“I am forty-one years old and have been working in the golf industry for the last fifteen years. My wife and I celebrated our tenth anniversary this past February and we have three beautiful children. Our daughter is seven years old and about to finish the first grade. Our boys are four and a half years old and the reason my hair is rapidly greying! We currently live in Plymouth and are looking forward to moving to area. Hopefully it will be soon as the commute is not a pleasant one, however it is well worth the trip!”

Attachments:
FileDescriptionFile size
Download this file (Scott-Godfrey-May-17-2017.pdf)Scott-Godfrey-May-17-2017.pdfMeet Scott Godfrey218 kB

Why Play 9 Holes?

(This article was recently published by the Massachusetts Golf Association [MGA])

The answer is simple. Playing 36, 18, 9 or even one hole of golf is great. However, the MGA is joining the USGA and millions of golfers - many of whom have busy schedules - across the globe by supporting PLAY9 Day, which will be held on Wednesday, July 29th.

Here are nine reasons why it's always a great time to play nine:

1. Nine-hole golf has an impeccable pedigree. The First U.S. Open in 1895 was played on a nine-hole course: Newport (R.I.) Golf Club. Arnold Palmer and Pete Dye, among other golf luminaries, learned the game on nine-hole courses.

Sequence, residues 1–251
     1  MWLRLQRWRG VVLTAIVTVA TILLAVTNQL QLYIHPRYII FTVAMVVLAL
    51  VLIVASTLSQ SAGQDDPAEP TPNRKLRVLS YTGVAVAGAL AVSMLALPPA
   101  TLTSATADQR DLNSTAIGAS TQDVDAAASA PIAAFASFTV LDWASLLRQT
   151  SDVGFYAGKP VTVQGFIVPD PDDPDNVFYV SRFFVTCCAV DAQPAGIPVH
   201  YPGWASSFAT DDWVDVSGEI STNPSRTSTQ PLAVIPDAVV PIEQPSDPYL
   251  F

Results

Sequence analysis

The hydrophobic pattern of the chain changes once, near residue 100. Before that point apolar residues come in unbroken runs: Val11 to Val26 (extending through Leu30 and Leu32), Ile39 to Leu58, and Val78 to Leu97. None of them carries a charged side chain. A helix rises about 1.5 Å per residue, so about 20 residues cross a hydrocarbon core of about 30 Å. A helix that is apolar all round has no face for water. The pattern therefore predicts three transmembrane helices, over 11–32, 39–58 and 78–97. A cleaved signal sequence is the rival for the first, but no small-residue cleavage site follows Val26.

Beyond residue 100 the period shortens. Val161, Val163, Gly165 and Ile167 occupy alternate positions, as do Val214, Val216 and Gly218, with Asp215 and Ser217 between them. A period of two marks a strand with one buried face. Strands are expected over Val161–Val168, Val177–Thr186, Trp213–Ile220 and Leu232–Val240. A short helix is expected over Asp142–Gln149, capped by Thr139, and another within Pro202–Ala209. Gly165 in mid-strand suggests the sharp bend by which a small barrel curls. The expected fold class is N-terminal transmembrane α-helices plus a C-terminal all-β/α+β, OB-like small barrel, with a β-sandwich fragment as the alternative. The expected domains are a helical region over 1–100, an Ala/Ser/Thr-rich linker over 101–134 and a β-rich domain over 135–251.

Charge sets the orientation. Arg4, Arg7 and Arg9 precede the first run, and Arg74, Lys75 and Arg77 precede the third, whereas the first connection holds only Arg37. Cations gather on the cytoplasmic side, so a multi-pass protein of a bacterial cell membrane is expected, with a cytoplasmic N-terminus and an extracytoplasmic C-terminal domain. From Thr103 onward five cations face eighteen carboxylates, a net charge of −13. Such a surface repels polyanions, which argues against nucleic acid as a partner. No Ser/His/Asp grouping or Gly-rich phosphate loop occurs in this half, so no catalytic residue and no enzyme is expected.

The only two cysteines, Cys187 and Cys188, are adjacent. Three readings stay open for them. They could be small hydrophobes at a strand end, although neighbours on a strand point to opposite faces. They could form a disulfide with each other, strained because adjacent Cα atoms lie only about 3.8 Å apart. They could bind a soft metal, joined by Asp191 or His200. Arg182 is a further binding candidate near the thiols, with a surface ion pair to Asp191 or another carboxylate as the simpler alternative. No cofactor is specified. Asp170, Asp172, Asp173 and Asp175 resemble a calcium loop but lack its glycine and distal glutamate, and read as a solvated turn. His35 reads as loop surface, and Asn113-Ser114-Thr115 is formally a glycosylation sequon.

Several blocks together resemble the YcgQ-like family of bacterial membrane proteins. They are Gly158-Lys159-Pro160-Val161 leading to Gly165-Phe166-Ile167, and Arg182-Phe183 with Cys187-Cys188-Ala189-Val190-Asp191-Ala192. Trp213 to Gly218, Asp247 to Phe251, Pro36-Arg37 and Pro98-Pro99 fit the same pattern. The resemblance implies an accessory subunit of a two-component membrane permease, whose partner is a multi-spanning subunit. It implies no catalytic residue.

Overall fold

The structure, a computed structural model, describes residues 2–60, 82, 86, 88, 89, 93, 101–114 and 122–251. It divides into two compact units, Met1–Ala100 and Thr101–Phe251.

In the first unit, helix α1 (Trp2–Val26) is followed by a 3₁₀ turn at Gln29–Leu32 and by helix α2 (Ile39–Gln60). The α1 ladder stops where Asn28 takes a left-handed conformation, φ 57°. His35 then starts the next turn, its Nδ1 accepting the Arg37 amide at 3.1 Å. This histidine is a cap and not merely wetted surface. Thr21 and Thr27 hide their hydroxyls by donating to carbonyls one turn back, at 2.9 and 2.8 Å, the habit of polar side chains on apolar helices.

2. The majority can't be wrong. According to the National Golf Foundation (NGF), 90 percent of U.S. golf facilities offer nine-hole rates – and 4,200 nine-hole courses dot the U.S. golf landscape. From coast to coast, playing nine is an easy way to enjoy the game.

3. It's an excellent way to start the day. Early risers can make the first footprints on a dewy fairway. You can get a round in and still make it to work or school on time.

4. It's a great way to end the day with others. Grab friends and co-workers for a post-work round to shake off the stress.

5. Because it's what you have time for. Would you rather play nine frequently or wait until the moon and stars align to play 18? Keep your game fresh by playing nine.

6. It's a wonderful way to learn the game. An NGF study shows 86 percent of beginners start with nine-hole rounds. You can more comfortably develop your game and learn Rules and etiquette without the stress and time commitment of 18 holes.

7. It's the best way to support someone who is learning how to play. You already love the game. A study by Sports & Leisure Research Group revealed that 60 percent of golfers believe a nine-hole round is an outstanding way to introduce a non-golfer to the game. Give back to the game and get a friend or family member hooked.

8. You can do it forever. Golf is a game for a lifetime. Playing nine holes is the perfect way to keep players of all ages and abilities engaged in friendly competition.

9. Your nine-hole round is legit! The USGA's Golf Handicap Information Network® (GHIN) showed a 13 percent year-over-year increase in nine-hole scores posted in the two months following the program's launch last July. You can post a nine-hole score to maintain your Handicap Index. Click here to see how.